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Deirdre Sholto-Douglas finch at MCS.COM
Fri Jun 26 11:33:13 EST 1998

In bionet.women-in-bio linden higgins <linden at mail.utexas.edu> wrote:
: A related question:  as my clock ticks along, we are confronting the
: question of "1 or 2?" 
: Any thoughts?  I'm sure that two are not as easy as one, but are 2 twice
: the work?

I should think it would depend upon the personality of the child
as to the amount of work inherent.  Granted, Son Number 1 was 16
when Miss Blown Birth Control Statistic appeared on the scene, so
my experience, despite having two forms of mobile recombinant DNA
underfoot, actually is closer to two families rather than 2 kids.

(One can almost develop multiple personalities under those 
circumstances, while you're cautioning the first about your fenders
and insurance rates, you're simultaneously trying to convince the
other not to share her popsicle with the dog.)

Nonetheless, I have a friend who has two at a more reasonable
interval and someone stacked the deck when she conceived Number
2.  Her first is retiring, quiet and fairly easy to get along
with, albeit quite shy, whereas her second is a risk-taking 
daredevil who would think nothing of trying to 'fly' off the shed
roof.  Given that she is (quite literally) continually pulled
in two directions, she has often told me she "should have 
stopped at one."

By the same token, I know another woman with two, three years 
apart, who regards two as only slightly more work than one.
It's worth noting that this latter pair have similar personalities
and tend to pull in tandem.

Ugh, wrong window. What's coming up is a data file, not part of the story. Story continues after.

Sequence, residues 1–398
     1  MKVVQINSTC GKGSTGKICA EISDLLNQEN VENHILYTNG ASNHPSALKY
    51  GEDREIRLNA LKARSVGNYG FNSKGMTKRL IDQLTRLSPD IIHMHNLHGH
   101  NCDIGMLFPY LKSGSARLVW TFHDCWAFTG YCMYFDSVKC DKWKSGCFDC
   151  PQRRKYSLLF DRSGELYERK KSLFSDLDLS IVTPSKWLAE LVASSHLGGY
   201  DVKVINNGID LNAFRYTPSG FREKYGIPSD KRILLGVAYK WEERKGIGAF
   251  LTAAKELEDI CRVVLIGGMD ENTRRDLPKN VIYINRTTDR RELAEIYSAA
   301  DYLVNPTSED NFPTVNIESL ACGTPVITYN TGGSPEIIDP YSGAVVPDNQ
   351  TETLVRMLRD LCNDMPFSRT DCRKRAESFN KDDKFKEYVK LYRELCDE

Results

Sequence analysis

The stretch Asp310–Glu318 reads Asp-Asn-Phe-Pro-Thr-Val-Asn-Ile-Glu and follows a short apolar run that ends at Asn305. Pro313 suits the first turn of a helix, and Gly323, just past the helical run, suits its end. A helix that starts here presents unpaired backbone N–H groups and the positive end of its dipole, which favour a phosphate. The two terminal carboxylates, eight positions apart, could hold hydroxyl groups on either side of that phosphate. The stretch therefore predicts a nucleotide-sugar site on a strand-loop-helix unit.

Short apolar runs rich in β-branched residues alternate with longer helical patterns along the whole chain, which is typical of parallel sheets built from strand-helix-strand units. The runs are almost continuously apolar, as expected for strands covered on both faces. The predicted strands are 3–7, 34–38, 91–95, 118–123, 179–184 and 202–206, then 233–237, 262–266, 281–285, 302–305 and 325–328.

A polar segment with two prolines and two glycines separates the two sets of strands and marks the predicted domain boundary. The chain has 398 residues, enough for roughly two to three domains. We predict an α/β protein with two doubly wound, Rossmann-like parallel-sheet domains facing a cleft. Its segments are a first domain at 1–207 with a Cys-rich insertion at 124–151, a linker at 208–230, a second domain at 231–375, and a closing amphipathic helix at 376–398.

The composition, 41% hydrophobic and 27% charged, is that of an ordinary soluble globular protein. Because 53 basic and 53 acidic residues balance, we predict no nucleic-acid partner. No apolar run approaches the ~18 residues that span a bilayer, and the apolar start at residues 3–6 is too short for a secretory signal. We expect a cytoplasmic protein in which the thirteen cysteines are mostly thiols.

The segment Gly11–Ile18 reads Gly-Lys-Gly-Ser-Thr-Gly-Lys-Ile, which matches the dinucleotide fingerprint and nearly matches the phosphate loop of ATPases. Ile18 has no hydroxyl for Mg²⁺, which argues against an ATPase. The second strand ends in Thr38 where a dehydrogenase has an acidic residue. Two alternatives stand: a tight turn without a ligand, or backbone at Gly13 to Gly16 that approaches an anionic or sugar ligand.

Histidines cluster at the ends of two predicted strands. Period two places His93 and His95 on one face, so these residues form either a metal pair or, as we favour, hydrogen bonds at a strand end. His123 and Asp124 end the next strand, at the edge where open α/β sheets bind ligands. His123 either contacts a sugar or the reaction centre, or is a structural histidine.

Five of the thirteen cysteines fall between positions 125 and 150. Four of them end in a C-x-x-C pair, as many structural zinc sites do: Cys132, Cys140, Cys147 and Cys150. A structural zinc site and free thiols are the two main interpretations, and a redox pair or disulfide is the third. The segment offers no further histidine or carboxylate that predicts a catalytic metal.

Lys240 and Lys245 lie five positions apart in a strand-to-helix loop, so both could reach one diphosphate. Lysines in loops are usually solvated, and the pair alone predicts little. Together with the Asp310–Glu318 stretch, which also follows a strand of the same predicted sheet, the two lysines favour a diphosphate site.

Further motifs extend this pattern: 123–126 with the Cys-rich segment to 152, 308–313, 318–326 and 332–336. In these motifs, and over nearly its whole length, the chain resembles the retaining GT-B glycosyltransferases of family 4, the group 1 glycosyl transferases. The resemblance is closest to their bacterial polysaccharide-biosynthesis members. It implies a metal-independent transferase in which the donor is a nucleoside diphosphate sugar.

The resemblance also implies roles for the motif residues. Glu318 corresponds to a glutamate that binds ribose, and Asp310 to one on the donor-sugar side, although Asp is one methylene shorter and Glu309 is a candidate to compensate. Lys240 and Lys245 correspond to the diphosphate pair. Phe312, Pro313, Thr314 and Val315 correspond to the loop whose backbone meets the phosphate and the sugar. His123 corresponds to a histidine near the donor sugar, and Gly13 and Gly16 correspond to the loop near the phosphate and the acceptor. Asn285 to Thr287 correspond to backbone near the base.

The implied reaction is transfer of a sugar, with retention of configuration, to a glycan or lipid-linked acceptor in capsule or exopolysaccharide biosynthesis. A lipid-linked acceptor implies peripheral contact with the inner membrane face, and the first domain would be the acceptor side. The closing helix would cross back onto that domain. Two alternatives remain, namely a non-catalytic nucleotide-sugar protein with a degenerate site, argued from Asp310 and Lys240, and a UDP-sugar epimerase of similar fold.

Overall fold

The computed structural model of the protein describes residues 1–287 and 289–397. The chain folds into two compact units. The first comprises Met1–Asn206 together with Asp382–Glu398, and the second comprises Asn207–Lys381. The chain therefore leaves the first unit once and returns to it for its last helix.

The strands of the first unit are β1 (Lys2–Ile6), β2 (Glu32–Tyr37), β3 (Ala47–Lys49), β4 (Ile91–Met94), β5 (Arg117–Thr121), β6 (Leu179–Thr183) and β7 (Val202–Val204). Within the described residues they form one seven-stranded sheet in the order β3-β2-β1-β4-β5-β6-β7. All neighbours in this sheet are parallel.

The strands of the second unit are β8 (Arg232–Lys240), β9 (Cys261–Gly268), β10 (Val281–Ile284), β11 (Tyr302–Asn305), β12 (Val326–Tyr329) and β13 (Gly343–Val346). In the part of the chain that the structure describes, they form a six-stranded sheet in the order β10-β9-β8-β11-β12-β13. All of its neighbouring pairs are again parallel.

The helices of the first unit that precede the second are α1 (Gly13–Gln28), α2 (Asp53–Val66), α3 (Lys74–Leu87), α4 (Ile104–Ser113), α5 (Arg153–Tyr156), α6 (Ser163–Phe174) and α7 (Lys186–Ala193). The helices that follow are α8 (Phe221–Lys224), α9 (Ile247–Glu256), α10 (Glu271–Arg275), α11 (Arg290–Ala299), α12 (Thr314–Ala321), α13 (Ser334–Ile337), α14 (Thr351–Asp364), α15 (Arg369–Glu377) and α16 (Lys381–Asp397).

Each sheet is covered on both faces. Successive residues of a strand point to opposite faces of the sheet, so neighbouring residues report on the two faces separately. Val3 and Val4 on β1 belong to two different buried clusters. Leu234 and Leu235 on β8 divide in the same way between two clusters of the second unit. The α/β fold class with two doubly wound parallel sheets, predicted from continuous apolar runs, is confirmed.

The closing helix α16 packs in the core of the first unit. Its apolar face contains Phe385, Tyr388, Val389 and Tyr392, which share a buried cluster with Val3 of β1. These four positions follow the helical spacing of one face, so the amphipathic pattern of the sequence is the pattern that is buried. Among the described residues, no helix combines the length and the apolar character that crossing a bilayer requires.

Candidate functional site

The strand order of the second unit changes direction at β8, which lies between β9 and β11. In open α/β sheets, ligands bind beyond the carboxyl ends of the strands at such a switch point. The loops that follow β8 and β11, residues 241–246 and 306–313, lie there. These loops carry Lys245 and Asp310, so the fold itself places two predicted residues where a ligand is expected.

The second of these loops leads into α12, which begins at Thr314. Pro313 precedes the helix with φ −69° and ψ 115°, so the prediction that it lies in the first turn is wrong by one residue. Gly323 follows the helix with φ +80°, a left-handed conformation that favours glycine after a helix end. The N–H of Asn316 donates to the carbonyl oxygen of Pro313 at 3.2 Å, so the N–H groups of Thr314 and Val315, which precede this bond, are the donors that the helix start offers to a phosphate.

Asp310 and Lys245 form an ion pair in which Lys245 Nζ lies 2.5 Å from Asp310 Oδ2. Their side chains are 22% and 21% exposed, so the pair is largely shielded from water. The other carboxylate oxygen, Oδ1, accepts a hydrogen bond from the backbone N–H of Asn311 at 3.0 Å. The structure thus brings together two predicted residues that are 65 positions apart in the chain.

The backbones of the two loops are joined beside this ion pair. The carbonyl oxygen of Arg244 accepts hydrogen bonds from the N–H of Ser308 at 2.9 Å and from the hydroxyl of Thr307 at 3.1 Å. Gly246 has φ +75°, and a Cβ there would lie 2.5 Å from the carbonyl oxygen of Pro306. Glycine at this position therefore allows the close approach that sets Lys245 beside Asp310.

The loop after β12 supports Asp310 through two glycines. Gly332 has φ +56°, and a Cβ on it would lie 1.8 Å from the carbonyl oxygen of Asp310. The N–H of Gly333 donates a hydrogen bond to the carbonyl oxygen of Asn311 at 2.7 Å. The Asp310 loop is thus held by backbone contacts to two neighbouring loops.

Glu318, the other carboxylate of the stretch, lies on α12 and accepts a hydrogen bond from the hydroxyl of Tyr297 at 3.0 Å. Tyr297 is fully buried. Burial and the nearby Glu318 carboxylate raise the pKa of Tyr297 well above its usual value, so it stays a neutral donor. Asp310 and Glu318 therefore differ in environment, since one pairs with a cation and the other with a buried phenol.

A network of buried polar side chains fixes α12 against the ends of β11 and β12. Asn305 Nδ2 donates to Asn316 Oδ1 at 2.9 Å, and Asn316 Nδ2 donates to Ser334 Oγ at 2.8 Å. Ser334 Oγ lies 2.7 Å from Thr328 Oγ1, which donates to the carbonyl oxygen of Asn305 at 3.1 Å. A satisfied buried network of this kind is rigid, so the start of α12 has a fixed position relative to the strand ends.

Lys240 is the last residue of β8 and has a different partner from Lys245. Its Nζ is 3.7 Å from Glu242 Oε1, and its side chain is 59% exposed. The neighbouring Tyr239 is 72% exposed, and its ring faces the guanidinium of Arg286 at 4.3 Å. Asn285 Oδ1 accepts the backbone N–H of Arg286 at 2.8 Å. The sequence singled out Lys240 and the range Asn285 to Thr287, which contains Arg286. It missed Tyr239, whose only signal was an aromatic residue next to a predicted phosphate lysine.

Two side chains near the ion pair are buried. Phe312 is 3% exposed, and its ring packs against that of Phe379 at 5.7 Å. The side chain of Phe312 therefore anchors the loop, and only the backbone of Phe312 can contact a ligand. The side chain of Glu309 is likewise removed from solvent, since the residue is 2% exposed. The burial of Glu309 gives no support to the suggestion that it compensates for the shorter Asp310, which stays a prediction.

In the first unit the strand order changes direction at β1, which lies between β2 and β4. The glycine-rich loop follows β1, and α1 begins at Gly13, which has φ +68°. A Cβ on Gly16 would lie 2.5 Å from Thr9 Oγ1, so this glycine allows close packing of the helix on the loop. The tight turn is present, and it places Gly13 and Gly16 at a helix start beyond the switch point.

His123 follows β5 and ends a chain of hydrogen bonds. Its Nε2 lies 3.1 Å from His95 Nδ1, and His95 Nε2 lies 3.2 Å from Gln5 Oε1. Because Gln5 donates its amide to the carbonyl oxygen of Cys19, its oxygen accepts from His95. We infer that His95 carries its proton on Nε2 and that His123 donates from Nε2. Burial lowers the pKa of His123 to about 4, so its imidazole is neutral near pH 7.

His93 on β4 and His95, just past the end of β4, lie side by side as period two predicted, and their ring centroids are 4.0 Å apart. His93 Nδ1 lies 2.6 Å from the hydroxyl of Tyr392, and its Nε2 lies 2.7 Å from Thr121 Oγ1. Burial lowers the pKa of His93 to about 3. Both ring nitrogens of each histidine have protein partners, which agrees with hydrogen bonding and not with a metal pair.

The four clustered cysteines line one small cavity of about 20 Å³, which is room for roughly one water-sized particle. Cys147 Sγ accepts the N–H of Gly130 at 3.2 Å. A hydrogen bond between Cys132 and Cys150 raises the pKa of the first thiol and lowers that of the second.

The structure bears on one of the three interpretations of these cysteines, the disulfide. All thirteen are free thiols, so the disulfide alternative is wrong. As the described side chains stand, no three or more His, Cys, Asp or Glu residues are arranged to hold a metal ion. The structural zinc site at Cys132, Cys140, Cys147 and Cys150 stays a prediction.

Me?  I *tried* to stop at one, but I'd not trade our Bonus
Award for anything.  Admittedly, she's pretty laid back (whereas
the first little cuss was a cantankerous so-and-so) so I imagine
my experience is coloured by my obvious relief at not having
Colic - The Sequel, with which to contend.  

How much do you feel up to?  If you end up in a situtation with
two with noticeably different temperaments, how equipped do you
feel to cope?  Sadly, an easy go-'round with the first guarantees
nothing. (That pesky probability of independent events rears its
head at times when you would really *like* to believe in "Gambler's
fallacy.")  If the situation is such that there are large demands
(and vastly different ones) placed on you, do you feel competent
to switch gears continually?  (My answer to that was "No." for-
tunantly I lucked out when my hand was forced.)

I wish you the best...


| Deirdre Sholto-Douglas      | e-mail:  finch at mcs.com               |
|                             |                                      |
  *******  The only acceptable substitute for intelligence  *******
                            is silence.

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